Graduated in Political Science and African Studies, academic qualifications in Fine Arts in Johannesburg, and studies in theater and miming in Paris, Kentridge has gained an extensive international recognition.
William Kentridge (Johannesburg, 1955) is renowned for his evocative drawings and animated movies exploring time, the history of colonialism, and the aspirations and failures of the revolutionary politics. His practice treats the nature of human emotions and memory, as well as the relationship between desire, ethics, and responsibility. William Kentridge’s work, which includes a wide range of media and formats, is characterized by dealing with conflict scenarios starting from a profound reflection about the creative process.
William Kentridge in Madrid
At the moment, you can appreciate the artist’s work in Madrid, at the Reina Sofía National Museum Art Center (MNCARS) and the Ivorypress Art Gallery.
For the artist, what generates the substance and journey of his different projects are both drawing and searching solutions for the world’s problems. All his works take, abandon, and retake similar topics and concerns: they extend and complement each other, resisting to be perceived as independent elements. That’s why recurrent elements and their own imagery can be identified in many of his productions.
In the Reina Sofía
You can visit the exhibition “More than Enough”, where the artist uses Western culture references contextualized in Africa, revealing his ideological intentions and problematizing those images that colonialism projects on the continent.
Even from a strong political commitment, while working on the policies of apartheid, imbalance dynamics and the abuse of colonial capitalism, or different historical and literary events, Kentridge is far from predictable positions. He approaches the poetic gesture and the metaphor, especially through his puppets, animation films, and cultural references.
This exhibition is structured around his theater and opera works that are shown together with the different materials that emerged during the creation process, some of which derive from parallel projects, such as those that are finally employed in the scenography. The exhibition includes drawings, films, scenario models, posters, puppets, or costumes with which Kentridge cleans the stigma of the white man in Africa.
I was particularly moved by this exhibition. I lived in South Africa for two years and I witnessed the social problem that colonialism, apartheid, and the artificially-implanted needs generated in the country and in Africa. Currently, South Africa is seeking to solve its problems, and Kentridge’s work is one of many efforts to this end.
After seeing Kentridge’s work in MNCARS, I attended the opening of an exhibition based on the book Tummelplatz in the Ivorypress Gallery. The book consists of two volumes, each of which contains ten stereoscopic photo-engravings made by the artist. Tummelplatz was born from the wish of making virtual reality pop-up book to play with three dimensions and the essentially flat format of paper and books. The idea was to use stereoscopic photography to give an illusion of depth in images, of layers coming from the book towards the viewer. This project is part of a long list of books about renowned artists that have been published by Ivorypress since 1996.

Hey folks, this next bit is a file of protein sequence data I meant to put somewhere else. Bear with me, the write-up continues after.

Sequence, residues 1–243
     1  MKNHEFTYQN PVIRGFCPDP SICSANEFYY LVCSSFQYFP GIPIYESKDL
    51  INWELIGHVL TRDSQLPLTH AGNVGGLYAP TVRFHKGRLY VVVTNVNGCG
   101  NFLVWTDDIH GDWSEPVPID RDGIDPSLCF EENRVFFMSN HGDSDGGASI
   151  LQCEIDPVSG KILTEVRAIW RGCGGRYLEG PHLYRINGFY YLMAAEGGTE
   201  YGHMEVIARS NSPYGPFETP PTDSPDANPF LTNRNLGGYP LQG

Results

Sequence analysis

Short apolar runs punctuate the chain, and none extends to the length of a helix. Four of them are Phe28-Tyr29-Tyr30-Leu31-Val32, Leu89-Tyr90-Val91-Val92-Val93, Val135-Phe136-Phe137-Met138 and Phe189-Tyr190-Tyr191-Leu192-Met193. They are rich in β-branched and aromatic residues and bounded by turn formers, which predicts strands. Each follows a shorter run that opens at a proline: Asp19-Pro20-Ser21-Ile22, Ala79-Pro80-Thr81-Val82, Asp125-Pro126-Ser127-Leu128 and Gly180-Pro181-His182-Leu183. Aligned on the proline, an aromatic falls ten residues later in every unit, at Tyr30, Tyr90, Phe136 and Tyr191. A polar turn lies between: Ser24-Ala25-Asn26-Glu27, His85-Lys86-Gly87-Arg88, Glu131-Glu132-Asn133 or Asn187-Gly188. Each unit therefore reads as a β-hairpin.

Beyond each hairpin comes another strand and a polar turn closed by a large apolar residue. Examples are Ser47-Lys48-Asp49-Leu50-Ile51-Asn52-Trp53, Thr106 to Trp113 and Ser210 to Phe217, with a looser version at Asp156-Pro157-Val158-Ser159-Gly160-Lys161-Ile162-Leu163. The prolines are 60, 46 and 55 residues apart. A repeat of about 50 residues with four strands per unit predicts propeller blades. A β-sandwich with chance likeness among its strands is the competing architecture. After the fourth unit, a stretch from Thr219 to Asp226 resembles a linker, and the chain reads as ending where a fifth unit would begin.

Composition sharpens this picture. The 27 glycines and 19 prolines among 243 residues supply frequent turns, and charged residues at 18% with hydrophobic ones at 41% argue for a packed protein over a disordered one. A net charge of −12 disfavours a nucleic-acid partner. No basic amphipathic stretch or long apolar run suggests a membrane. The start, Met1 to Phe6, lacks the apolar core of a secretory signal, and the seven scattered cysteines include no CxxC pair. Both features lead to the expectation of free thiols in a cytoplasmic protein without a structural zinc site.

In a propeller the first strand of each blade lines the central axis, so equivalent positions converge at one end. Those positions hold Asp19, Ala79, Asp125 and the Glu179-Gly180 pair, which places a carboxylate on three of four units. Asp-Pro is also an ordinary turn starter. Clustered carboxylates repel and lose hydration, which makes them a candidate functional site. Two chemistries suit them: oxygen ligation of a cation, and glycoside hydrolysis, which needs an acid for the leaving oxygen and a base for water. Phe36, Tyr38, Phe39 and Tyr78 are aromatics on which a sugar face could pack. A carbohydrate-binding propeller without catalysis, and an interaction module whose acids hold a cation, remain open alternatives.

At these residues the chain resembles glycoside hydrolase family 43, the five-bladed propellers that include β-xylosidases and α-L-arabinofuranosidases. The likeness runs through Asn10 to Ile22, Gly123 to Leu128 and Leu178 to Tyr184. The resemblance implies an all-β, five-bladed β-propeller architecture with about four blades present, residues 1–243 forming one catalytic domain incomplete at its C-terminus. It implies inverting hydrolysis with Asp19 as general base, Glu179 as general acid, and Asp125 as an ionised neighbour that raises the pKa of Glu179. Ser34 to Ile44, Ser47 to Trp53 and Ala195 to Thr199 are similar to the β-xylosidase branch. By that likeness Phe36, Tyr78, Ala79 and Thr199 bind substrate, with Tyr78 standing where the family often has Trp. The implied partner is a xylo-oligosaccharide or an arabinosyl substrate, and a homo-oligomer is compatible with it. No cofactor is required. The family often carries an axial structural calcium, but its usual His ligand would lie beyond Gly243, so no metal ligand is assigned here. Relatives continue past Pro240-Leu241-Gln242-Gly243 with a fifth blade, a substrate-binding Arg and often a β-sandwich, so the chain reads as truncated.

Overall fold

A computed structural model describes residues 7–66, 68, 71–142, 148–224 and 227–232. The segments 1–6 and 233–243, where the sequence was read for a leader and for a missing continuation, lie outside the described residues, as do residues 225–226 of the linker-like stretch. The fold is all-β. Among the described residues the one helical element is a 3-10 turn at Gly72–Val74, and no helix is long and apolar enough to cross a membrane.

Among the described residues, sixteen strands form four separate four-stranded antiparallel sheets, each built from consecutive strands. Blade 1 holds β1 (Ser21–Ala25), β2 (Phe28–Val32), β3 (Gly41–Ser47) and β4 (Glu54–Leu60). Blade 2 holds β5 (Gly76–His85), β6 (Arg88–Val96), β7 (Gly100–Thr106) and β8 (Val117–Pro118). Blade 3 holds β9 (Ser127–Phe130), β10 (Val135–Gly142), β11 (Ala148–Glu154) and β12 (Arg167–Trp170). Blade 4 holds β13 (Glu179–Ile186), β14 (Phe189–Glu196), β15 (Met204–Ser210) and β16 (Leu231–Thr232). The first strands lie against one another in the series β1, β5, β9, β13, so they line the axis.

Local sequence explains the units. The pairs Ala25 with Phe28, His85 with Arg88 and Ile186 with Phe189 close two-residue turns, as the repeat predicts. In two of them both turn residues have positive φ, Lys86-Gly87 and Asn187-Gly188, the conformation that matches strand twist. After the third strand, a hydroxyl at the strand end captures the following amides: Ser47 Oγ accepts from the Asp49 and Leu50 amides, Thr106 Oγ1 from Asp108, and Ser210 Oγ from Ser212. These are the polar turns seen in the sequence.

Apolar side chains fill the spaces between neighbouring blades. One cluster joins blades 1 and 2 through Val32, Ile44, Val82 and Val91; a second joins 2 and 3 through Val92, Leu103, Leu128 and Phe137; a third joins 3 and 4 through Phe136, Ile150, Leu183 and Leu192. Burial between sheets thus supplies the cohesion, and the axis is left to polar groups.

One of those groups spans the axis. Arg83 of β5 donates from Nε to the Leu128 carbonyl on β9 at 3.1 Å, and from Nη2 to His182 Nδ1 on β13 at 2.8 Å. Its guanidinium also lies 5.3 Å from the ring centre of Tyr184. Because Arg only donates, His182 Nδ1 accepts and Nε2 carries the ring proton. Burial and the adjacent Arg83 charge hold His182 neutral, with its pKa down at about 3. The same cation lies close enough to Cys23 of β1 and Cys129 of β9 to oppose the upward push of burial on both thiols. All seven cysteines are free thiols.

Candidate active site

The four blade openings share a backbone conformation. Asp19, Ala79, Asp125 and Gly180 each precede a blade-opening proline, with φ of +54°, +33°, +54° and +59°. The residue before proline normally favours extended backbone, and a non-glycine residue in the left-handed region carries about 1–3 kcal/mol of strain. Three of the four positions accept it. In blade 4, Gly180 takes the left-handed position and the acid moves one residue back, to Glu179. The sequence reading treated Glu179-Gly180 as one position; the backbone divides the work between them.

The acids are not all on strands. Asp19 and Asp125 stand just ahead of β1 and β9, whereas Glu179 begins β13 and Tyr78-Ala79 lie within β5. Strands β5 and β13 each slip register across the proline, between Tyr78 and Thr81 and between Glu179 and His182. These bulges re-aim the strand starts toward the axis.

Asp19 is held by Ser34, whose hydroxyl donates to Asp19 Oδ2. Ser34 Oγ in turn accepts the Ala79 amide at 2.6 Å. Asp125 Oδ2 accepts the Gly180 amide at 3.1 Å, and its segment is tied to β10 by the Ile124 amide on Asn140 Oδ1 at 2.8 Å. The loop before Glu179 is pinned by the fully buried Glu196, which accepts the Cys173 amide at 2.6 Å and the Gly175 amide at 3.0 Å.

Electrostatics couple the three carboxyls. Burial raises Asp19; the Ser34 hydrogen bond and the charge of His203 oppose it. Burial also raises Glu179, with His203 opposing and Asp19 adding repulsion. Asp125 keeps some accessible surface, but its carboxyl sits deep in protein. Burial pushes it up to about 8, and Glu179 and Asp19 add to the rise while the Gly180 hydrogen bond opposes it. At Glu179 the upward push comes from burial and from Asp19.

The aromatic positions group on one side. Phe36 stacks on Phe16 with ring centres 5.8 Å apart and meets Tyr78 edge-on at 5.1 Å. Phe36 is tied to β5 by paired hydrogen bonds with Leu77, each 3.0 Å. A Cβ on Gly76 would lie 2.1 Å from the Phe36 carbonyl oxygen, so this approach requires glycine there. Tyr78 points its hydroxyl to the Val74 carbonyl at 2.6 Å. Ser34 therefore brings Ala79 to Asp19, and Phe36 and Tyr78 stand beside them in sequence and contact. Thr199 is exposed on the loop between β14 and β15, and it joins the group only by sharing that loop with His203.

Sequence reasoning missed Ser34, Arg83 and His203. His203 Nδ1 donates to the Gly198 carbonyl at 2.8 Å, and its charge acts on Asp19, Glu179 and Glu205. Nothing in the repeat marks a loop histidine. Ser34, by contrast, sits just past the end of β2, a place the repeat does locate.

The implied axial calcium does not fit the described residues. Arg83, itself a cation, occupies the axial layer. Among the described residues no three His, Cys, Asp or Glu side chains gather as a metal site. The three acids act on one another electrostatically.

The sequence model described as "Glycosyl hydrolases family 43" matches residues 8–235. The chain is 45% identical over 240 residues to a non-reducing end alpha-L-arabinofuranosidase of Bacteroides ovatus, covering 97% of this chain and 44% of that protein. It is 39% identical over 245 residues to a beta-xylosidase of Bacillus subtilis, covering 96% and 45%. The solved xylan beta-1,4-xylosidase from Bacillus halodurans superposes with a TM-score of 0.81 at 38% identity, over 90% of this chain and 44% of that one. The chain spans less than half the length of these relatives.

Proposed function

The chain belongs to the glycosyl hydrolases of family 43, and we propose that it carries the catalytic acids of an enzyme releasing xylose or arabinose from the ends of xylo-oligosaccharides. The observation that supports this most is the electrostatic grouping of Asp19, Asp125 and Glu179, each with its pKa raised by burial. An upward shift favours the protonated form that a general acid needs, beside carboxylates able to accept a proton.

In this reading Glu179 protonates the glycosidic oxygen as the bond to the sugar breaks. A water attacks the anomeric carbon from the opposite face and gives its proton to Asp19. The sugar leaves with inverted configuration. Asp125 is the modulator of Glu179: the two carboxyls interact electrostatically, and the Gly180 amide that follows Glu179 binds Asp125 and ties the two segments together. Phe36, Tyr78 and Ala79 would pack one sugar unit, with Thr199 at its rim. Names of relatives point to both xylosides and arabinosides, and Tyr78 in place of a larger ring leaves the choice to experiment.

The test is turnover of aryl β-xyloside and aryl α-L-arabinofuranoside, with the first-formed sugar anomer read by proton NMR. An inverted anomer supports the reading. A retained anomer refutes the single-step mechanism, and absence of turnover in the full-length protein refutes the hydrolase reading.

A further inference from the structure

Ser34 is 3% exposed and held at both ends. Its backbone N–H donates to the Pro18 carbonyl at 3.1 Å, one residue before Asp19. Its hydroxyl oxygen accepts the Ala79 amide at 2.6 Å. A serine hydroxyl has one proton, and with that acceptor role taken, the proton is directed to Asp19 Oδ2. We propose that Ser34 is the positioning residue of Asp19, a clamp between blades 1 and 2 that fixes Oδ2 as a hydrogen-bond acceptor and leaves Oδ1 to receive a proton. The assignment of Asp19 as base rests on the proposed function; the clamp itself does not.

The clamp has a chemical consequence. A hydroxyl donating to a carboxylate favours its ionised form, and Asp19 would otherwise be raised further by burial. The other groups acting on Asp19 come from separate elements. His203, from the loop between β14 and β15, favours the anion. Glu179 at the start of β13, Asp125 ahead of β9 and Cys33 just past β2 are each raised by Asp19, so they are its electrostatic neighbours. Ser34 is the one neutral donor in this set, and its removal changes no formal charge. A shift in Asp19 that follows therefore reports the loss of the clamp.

Tummerplatz, said Elena Ochoa Foster, publisher of the book, “relates to the hidden space or room where free association takes place, the universe where unexpected thoughts and acts live, and the creation of a (sometimes chaotic) space where the activity in our brain (secret areas/rooms, outside and inside the self) paints landscapes”.
As you know, before I go to an exhibition, I make a research about the artist’s life and work to have all the information in my head beforehand. Once in the exhibition, I let the artist speak to me, I feel what moves me, what comes to me. After visiting the exhibition, I interpret the work, sometimes making sketches that I later use to paint in different media.
One way to interpret the artist’s work is through the photographs on this blog post. This time, I wanted to communicate with the pictures, the unfolding of the artist during the creative process, the conversations that a creator has with himself. In the original photo that inspired me, Kentridge is facing himself, and between between the two of them there is a sign that reads: seven things I’ve forgotten. It seems that sometimes, to remember what he has created in his head, Kentridge has to dive into his brain to find the ruminated ideas that he had in his dreams or on a walk during which he didn´t write down his thoughts about his next project.
This Week’s Workshop
I also shared the experience with my daughters, from whom I enrich and so do they. We visit together the work of artists and experiment in the workshops. This week, we will visit the Ivorypress. We won’t go to the Reina Sofia’s exhibition because the problems it exposes and their treatment are very rough, and I don’t want my daughters dealing with these types of issues at such an early age.
The workshop will consist on thinking about something we want to share, such as a dream we had. We will make sequential drawings where one calls the other, creating a storyline. So we’ll learn how to draw a storyboard. In a series of images, we will tell our story. Everything that appears in the image will have a reason to be there: when we look at the frame, we will observe a sequence of the story that we wanted to tell. Last, we will put the drawings together, creating a theatrical play in which we represent our dream.
Photography: Oscar Rivilla.
Styling: Carolina Verd.
Makeup: SuanJo Rabadan.
Hair: SuandJo Rabadan.
Black dress: Zara, current collection.
Flower dress: Sandro París, current collection.
Black and white shoes: Carmina.
Locación: Il Tavolo Verde.